Run for your life / to prolong life

Advances in medical science paired with behavioral and social changes has led to an increase in life expectancy and lowered death rates. With these advances unlikely to stop, quality of life becomes the focal point.

A 21-year study examined the effects of running on disability and mortality rates of adults over 50. At the start of the study in 1984, many scientists thought vigorous exercise would do older people more harm than good. Some feared the long-term effects of the then “new” jogging craze would be floods of orthopedic injuries, with older runners permanently hobbled by their exercise habit. Emeritus Prof. of Medicine James Fries came up with a hypothesis called Compression of Morbidity, which holds that healthy lifestyles will not only prolong survival, but will also decrease the number of years with disability.

The researchers at Stanford began tracking 538 runners from a running club over age 50, comparing them to a similar group of non-runners. The subjects answered yearly questionnaires about their ability to perform everyday activities such as walking, dressing and grooming, getting out of a chair and gripping objects (this served to assess disability). The researchers used national death records to learn which participants died along with the cause of death. Nineteen years into the study, 34 percent of the non-runners had died, compared to only 15 percent of the runners. Death rates were higher in every category {Cancers, Cardiovascular (strokes and coronary artery disease), Neurological, and Infections (Pneumonia)} for non-runners when compared to the runners. 

On average both groups in the study became more disabled after 21 years of aging, but for runners the onset of disability started later. “Runners’ initial disability was 16 years later than non-runners,’” Fries said. “By and large, the runners have stayed healthy.” Not only did running delay disability, but the gap between runners’ and non-runners’ abilities got bigger with time.  

A companion paper also debunked the long standing myth that runners have a higher prevalence of knee and joint problems. The paper also showed that running was not associated with greater rates of osteoarthritis in their elderly runners. Runners  in the study did not require more total knee replacements than non-runners.  

The basic message of the study states that exercise at any age helps reduce disabilities while increasing longevity. That said, the overall feeling of well being and the reduction of tensions as a result running would have been more than enough reason to continue my running habit. Being a relative newcomer (1 year) myself, I will post some tips on how to start running and keep at it. 

 

8/14/08 – 2.32 miles in 18:15 (7:51 per mile pace)

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6 thoughts on “Run for your life / to prolong life

  1. bentlyr Post author

    Yeah I really surprised myself in starting… I hadn’t run over a mile throughout my life and all of a sudden last year I decided I wanted to do a 15K and just started training for fun.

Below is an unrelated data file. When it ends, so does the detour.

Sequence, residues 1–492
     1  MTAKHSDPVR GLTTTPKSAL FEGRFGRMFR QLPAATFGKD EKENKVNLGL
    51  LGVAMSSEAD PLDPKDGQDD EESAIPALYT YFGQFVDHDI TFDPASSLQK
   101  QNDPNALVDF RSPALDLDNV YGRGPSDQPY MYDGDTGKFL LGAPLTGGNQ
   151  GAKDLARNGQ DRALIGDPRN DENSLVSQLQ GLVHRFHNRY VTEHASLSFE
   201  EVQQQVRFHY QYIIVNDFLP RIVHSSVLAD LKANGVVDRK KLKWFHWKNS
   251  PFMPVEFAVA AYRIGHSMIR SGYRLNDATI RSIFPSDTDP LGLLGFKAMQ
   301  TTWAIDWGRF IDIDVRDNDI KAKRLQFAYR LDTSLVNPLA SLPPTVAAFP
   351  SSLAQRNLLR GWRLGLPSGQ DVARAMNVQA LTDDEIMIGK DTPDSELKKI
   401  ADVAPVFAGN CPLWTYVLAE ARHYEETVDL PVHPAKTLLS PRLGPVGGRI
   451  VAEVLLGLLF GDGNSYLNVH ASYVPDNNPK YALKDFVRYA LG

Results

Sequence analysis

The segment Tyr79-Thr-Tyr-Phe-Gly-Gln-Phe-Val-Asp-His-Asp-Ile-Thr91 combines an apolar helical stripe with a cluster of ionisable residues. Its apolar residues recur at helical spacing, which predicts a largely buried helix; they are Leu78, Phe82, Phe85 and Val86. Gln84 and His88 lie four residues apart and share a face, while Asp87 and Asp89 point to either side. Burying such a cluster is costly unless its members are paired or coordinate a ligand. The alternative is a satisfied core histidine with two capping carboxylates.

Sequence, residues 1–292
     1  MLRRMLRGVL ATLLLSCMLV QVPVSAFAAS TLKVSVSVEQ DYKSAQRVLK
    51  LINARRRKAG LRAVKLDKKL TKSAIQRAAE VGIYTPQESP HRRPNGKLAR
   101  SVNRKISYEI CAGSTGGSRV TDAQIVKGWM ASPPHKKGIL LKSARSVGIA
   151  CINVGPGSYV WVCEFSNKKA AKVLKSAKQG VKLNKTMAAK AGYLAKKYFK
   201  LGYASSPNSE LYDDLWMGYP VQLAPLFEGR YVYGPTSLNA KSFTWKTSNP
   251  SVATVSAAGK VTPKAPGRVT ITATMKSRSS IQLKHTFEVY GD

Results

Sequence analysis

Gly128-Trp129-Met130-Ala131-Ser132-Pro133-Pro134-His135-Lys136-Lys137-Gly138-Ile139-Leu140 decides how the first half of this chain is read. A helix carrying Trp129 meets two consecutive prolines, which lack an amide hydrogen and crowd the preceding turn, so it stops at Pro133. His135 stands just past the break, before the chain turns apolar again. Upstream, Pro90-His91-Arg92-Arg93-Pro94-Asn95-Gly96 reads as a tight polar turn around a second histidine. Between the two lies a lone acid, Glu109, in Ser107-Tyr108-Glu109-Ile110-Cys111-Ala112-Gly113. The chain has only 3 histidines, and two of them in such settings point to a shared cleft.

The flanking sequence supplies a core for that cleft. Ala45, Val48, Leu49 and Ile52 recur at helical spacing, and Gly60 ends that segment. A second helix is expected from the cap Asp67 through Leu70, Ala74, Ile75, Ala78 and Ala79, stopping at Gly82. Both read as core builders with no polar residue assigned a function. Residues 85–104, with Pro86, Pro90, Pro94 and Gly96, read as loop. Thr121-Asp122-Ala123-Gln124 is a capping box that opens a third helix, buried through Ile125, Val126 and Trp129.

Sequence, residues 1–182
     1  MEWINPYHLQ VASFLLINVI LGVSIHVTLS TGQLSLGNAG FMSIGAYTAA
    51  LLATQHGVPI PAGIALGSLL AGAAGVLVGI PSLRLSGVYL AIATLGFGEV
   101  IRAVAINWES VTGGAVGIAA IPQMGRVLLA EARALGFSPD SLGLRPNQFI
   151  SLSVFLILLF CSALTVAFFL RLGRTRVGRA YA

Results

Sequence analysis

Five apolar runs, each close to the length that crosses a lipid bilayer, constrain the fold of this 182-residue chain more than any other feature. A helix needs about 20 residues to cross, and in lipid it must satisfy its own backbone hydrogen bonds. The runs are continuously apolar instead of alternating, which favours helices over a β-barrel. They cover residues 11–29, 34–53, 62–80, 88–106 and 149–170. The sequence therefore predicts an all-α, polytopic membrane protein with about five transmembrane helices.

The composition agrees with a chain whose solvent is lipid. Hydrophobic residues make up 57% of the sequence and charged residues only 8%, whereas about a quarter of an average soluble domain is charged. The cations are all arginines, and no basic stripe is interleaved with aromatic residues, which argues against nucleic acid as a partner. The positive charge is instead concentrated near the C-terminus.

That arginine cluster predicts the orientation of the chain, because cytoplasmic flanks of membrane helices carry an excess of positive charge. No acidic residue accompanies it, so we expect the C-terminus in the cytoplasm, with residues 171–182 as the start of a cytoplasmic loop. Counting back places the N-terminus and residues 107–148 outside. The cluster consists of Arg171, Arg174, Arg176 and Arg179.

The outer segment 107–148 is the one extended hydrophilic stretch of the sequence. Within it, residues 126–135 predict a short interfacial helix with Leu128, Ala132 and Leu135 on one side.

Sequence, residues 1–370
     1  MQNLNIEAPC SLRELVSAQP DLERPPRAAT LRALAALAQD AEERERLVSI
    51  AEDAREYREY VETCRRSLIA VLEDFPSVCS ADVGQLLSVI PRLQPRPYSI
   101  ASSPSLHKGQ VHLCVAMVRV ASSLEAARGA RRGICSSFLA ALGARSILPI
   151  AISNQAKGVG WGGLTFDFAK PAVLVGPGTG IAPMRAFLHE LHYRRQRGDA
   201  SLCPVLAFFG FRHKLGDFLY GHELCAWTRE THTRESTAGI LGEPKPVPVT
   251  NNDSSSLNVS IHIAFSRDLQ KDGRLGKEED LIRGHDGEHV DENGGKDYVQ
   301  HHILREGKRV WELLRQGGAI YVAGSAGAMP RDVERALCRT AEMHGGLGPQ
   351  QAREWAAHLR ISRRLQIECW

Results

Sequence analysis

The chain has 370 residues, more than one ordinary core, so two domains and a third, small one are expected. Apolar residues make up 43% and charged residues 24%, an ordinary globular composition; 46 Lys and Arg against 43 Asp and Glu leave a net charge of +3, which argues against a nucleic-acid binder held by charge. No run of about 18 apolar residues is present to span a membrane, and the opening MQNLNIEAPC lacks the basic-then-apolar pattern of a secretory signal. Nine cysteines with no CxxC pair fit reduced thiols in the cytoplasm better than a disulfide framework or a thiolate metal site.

As it turned out things have slowly progressed and I plan to run a half-marathon later this year. I think my motivation is knowing I CAN get better and the fact that it relaxes me beyond belief.

    Reply
  2. Pat

    I hate to run. Having served for 26 total years in the military I can tell you without equivocation that I hate to run.

    I love my bicycle, though. I’ll walk as a compromise. Recently I saw where the author of the South Beach Diet claims that “interval walking” helps rev the metabolism and really goes a long way toward getting rid of that fat around the belly. Runners (especially those in training for marathons) know that “interval running” is a system where you run as fast as you can for 30 seconds, then slow to a comfortable run for 30 seconds, then fast again, then slow again. It actually isn’t all that new a discovery since marathoners have been doing it for years. With interval WALKING he says you can walk as fast as possible or run for those 30 seconds but when you enter the “slow mode” it still needs to be at a pretty good clip. Rhythm is everything.

    No, wait, actually DOING something is everything…that’s what seems to be My problem. Wish I had a fitness partner that was as committed to WANTING a healthier life as I am.

    Reply
  3. bentlyr Post author

    You know I’ve been thinking about it. Maybe the reason so many people hate running is because it has always used as punishment. I know in any organized sports or even in gym class when I was REALLY young a form of punishment was doing laps.

    Maybe this has happened to a lot of people so we kinda learn to associate running with punishment. *shrug*

    Reply
  4. Pat

    Never thought of it that way but you may be right.

    For me, though, it’s all the little aches and pains — shins, sides, ankles, feet, lungs, etc.

    Why do something that doesn’t feel good? It’s all about the pleasure center…which is why my bike is my best friend when it comes to exercise.

    Reply
  5. Susan

    Maybe the reason so many people hate running is because it has always used as punishment. I know in any organized sports or even in gym class when I was REALLY young a form of punishment was doing laps.

    Maybe this has happened to a lot of people so we kinda learn to associate running with punishment.

    We must have gone to the same school! 🙂

    Reply

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